Maps have long held a fascination for Perry. His first etching, Map of an Englishman, showed an imaginary island on which the artist mapped out his own mind and emotional landscape. The idea for his third large-scale etching, Map of Nowhere, came from a book of medieval European maps of the world or Mappae Mundi. One of its illustrations showed a life-size replica of the Ebstorf map of Northern Germany, which was destroyed during the Second World War. This showed Christ’s body girding the world with his head at the top, his hands to the side and his feet underneath. Perry liked the composition and used this device for his own map of the world, but replaced Christ with his own self-portrait. The hubris of ‘I am the world’ appealed to him and has prompted his daughter to comment wryly that he is ‘putting himself forward as God’. For Perry ‘all art is self-portraiture’, but with his map the artist is also expressing his strong reservations about concrete beliefs. The title of the print comes from Thomas More’s Utopia, a title derived from the Greek ou topos, meaning ‘no place’, somewhere that does not exist. Perry rejects the notion that life is an ongoing process leading towards something – let alone God. This finds its visual expression by the placement of a little island labelled ‘doubt’ at the centre of the etching. Doubt – ‘the essence of civilization’ – has taken the place of Jerusalem, the Holy City and focal point in its medieval precursors. Pilgrims, a recurrent motif in Perry’s work, make their way towards the island. They appear again on the plain underneath the map ‘gathering for their final push before they go up to the monastery’ on the hill behind them. The coffin in the foreground is a reminder that not all will make it.
For Perry, Map of Nowhere ‘is like a mood board of what was going on in my head at the time’. The captions, which he picked from various books he was reading during that period, touch on contemporary themes and concerns, some of which are distinctively British, such as health and safety gone mad or property ladder. The linking of word and image in the print follows Perry’s own intuition, though their relation can appear arbitrary. The intention for each connection between word and image is to achieve an association that is unsettling. Some turned out to be prophetic, such as ‘a flooded little third-world village’ captioned as free market economy, and casino capitalism as a Taliban. The print was made well before the collapse of Lehman brothers in 2008 and the economic crisis that ensued. Contemporaneity and localism are very important to Perry: ‘Though I make things that look old I always make them about now. I think there is a trend in contemporary art to make things that are for a global audience and I don’t think it is very healthy. It is much more interesting if you make things for your own tribe. I make tribal art for the metropolitan chattering classes’. Perry also pokes fun at himself. The light coming out of his rectum and shining on to the monastery plays on the idiom he thinks the light shines out of his arse, an illustration of Perry’s self-deprecating sense of humour. Map of Nowhere is very much in tune with the zeitgeist, and like its medieval precursors a record of the culture of its time.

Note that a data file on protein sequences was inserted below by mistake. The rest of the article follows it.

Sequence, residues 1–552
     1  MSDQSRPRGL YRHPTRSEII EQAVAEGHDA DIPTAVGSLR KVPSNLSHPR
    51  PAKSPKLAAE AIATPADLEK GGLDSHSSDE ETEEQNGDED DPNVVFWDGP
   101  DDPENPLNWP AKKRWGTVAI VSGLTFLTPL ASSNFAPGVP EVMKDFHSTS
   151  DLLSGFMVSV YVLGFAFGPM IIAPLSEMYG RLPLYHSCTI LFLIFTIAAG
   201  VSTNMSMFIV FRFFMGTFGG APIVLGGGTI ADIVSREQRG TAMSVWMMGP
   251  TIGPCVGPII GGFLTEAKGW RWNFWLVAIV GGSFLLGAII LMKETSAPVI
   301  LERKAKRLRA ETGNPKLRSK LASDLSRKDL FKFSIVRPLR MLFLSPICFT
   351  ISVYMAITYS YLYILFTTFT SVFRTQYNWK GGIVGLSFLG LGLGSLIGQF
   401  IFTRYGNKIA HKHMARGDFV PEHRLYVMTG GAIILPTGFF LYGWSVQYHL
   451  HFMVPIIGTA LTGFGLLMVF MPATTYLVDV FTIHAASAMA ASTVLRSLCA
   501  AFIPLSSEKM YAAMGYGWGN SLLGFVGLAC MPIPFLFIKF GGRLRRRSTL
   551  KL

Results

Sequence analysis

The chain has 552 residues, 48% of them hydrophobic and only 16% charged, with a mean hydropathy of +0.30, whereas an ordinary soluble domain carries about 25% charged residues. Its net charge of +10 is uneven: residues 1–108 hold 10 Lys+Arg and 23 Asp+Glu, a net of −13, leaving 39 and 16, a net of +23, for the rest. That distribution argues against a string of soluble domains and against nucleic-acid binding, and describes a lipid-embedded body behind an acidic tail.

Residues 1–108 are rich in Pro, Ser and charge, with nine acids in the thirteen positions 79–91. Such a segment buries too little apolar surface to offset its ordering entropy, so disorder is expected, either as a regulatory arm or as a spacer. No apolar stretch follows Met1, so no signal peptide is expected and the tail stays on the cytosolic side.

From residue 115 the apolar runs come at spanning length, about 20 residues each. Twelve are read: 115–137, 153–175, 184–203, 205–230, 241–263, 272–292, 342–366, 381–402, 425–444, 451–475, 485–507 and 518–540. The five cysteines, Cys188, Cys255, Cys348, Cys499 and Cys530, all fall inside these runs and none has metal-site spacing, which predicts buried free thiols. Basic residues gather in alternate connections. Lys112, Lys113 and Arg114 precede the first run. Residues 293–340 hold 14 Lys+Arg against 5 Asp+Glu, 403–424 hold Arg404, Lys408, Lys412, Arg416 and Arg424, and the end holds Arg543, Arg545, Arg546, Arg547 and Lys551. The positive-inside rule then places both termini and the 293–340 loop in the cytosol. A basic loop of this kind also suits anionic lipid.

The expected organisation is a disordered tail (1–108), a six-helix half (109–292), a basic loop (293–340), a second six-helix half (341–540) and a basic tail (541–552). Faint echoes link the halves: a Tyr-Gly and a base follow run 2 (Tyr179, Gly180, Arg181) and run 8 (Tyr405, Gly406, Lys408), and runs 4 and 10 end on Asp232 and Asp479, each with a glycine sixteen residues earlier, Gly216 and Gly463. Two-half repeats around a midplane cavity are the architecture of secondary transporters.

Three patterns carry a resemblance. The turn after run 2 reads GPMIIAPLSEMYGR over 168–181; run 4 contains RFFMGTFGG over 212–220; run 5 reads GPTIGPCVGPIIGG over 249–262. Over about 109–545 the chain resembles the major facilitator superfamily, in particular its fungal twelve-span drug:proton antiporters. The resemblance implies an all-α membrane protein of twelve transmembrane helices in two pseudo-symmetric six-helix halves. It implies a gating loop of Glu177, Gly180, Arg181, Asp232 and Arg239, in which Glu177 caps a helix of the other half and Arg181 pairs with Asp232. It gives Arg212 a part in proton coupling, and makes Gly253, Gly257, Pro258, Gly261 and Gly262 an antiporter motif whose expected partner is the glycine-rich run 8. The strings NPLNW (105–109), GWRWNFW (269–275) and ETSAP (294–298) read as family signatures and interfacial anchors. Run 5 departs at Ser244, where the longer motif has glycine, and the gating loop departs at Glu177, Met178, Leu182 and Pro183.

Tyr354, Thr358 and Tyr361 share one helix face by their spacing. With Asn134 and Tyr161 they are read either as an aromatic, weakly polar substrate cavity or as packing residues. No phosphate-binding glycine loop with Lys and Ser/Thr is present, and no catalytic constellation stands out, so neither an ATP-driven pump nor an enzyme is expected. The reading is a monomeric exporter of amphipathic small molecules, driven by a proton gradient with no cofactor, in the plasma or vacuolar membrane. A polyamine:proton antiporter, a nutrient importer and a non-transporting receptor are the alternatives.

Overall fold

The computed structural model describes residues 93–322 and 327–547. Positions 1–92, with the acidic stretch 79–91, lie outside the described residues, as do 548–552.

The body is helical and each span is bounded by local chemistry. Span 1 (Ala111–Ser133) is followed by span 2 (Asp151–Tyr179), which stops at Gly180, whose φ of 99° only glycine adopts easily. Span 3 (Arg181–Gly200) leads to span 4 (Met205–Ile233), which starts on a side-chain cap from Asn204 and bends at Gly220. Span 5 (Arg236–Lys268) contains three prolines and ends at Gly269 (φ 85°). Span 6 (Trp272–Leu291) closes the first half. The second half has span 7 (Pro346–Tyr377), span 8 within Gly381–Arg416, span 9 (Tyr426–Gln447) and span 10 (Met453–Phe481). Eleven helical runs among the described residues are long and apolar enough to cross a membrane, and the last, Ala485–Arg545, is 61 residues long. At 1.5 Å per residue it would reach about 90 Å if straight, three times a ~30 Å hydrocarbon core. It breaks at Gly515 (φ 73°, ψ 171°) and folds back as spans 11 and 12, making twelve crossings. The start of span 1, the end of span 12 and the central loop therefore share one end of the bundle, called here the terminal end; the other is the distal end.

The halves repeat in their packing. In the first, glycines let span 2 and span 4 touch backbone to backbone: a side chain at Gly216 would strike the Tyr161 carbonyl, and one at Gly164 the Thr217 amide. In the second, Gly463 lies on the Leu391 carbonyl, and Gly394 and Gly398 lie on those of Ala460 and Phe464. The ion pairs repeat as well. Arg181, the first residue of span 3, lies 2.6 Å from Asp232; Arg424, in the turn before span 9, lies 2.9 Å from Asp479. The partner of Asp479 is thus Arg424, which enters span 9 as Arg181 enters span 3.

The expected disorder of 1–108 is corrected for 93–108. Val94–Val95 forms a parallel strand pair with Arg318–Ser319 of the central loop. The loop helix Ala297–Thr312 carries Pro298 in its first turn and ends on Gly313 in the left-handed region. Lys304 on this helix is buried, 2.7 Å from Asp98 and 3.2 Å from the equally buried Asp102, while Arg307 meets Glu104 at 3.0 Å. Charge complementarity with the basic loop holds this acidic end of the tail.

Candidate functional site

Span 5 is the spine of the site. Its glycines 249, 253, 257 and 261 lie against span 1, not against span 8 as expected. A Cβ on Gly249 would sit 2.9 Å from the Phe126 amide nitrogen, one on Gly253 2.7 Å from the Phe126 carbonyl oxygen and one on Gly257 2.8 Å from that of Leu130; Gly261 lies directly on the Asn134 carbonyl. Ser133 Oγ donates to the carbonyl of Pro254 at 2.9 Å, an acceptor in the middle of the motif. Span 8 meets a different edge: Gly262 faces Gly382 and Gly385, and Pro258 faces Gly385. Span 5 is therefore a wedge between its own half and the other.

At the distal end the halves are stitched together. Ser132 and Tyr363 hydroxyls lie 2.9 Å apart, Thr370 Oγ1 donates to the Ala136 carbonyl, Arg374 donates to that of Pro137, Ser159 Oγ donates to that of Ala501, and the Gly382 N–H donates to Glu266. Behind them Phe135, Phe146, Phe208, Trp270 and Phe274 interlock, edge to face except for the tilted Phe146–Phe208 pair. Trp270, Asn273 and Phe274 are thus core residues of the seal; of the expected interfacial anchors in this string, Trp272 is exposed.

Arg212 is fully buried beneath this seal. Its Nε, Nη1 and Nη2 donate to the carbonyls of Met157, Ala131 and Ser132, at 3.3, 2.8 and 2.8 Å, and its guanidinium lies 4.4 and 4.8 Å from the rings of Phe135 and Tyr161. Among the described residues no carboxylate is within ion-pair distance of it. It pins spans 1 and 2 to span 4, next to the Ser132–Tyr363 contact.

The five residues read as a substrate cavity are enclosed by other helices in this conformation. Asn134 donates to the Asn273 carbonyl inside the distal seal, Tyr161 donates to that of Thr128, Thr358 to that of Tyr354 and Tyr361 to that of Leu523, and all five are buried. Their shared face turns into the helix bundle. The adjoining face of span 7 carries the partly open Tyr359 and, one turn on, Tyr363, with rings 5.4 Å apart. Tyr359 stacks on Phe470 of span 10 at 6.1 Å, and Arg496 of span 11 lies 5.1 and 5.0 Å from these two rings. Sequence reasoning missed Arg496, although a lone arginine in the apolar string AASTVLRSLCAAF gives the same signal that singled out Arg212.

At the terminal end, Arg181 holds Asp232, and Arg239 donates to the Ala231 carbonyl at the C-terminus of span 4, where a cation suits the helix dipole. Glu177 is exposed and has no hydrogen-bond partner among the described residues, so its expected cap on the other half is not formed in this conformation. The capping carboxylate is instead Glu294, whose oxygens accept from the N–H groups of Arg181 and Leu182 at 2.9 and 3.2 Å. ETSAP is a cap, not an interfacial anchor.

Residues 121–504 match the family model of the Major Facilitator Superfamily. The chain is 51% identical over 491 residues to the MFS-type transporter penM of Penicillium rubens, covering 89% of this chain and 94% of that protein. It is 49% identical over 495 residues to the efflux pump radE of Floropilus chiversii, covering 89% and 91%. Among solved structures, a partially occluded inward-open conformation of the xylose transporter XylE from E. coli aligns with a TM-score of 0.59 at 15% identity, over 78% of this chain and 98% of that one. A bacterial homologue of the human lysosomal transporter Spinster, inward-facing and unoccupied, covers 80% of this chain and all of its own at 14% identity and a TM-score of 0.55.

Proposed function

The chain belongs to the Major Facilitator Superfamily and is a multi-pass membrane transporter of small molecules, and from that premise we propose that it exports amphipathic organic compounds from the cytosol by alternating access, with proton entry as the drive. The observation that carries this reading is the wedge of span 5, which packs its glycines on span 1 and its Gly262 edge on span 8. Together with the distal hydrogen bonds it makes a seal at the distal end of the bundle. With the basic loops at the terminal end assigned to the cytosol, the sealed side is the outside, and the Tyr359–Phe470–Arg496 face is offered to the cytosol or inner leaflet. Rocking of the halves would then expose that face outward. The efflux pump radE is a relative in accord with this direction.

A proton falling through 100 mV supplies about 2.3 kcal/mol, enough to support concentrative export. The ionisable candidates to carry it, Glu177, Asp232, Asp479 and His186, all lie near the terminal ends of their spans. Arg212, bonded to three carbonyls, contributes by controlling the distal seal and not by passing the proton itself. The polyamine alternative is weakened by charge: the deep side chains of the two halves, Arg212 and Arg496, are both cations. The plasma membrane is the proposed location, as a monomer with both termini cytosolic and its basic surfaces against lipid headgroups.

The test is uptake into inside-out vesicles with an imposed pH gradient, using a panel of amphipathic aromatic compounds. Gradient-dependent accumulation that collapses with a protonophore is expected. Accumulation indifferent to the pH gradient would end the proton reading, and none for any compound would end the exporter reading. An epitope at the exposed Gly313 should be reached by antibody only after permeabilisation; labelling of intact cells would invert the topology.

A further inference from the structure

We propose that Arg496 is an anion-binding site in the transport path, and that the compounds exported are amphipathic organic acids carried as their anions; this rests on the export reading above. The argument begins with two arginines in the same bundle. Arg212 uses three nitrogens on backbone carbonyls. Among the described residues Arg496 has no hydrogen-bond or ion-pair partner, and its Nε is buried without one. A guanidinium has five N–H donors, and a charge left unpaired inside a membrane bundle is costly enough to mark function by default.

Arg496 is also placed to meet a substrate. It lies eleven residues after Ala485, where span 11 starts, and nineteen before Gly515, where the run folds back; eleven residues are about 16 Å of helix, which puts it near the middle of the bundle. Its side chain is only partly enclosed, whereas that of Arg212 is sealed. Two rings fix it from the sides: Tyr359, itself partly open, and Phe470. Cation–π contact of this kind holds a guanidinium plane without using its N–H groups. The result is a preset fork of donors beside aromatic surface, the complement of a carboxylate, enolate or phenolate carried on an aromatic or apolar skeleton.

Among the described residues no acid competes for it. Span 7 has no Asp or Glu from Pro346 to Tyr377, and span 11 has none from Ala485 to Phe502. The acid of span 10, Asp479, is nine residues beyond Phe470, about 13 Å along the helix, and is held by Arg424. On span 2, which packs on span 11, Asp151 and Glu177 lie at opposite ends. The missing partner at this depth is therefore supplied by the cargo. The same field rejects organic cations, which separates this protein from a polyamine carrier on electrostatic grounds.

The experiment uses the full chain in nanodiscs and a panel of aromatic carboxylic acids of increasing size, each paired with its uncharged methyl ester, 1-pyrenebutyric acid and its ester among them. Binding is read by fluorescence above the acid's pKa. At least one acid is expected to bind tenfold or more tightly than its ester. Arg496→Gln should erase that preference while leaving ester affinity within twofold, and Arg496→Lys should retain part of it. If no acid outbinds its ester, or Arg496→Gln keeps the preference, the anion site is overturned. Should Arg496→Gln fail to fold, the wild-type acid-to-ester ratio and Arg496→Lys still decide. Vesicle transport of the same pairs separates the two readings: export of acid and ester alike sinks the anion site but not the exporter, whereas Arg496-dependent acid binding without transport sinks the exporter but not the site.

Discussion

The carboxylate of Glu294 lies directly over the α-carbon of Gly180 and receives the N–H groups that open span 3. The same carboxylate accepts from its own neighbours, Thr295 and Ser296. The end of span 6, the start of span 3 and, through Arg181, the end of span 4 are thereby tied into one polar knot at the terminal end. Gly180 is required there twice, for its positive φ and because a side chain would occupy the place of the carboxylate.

As with his previous prints, Perry made a small sketch of the basic design in his notebook and then a rough life-sized outline drawing on paper. This he could place underneath the acetate film used to transfer the final drawing on to the etching plates. From time to time he would slide other bits of paper underneath as guidance for detail, such as for the figure on the right inspired by Indian anatomical drawings. The drawing was transferred by light exposure on to five copper plates. Perry decided that the central part of the print should all be on one plate to minimize any visual disruption to his design. All five plates were printed in one printing by Mike Taylor and Simon Marsh of Paupers Press in London. Perry preferred the plates not to be wiped clean too heavily as he liked the tonal effect of the excess ink on the print.
Three colour versions were printed at the same time, in red, blue and purple. These were printed in smaller editions of 15 each. Perry also chose colours for the frames to go with these colour versions, a light blue for the red, an acid yellow for the blue and a warm egg-yolk yellow for the purple version. The same moulding was used that Perry designed for his first print Map of an Englishman.
The scale of the print, large but not too large for a private house – ‘domestic grand scale’ as Perry puts it – is very important to him as when making his prints he very much has a domestic setting in mind.